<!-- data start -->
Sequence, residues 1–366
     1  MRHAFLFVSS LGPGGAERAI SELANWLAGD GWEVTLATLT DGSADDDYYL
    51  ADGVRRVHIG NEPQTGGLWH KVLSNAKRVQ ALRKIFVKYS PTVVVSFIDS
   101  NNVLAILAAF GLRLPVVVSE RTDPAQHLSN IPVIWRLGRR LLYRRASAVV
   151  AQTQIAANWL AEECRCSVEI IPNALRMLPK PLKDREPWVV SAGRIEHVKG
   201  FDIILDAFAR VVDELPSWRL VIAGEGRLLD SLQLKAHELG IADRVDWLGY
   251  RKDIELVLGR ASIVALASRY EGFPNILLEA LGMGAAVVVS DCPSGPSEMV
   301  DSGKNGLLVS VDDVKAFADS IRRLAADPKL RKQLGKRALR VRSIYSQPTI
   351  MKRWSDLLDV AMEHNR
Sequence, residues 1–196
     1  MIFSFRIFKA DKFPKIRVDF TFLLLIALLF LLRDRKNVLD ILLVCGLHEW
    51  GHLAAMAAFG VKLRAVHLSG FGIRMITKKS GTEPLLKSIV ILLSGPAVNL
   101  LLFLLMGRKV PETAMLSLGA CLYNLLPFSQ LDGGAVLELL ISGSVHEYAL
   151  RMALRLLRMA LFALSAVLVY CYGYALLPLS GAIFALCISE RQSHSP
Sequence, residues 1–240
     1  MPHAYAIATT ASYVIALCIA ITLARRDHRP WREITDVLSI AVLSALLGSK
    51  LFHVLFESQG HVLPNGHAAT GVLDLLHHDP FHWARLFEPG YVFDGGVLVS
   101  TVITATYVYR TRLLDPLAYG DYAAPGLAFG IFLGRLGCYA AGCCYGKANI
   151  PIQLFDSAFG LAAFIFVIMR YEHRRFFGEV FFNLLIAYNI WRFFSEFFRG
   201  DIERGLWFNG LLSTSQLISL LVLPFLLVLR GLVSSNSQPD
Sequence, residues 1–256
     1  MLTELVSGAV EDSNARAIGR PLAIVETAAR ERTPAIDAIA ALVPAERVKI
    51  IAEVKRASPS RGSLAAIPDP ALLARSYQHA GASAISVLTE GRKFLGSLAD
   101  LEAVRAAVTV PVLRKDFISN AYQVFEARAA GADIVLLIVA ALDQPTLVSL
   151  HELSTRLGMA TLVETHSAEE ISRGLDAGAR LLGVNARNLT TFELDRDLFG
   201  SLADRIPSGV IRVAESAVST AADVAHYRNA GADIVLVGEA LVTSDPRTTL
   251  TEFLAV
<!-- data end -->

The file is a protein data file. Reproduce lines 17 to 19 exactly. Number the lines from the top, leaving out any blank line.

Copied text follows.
    51  LFHVLFESQG HVLPNGHAAT GVLDLLHHDP FHWARLFEPG YVFDGGVLVS
   101  TVITATYVYR TRLLDPLAYG DYAAPGLAFG IFLGRLGCYA AGCCYGKANI
   151  PIQLFDSAFG LAAFIFVIMR YEHRRFFGEV FFNLLIAYNI WRFFSEFFRG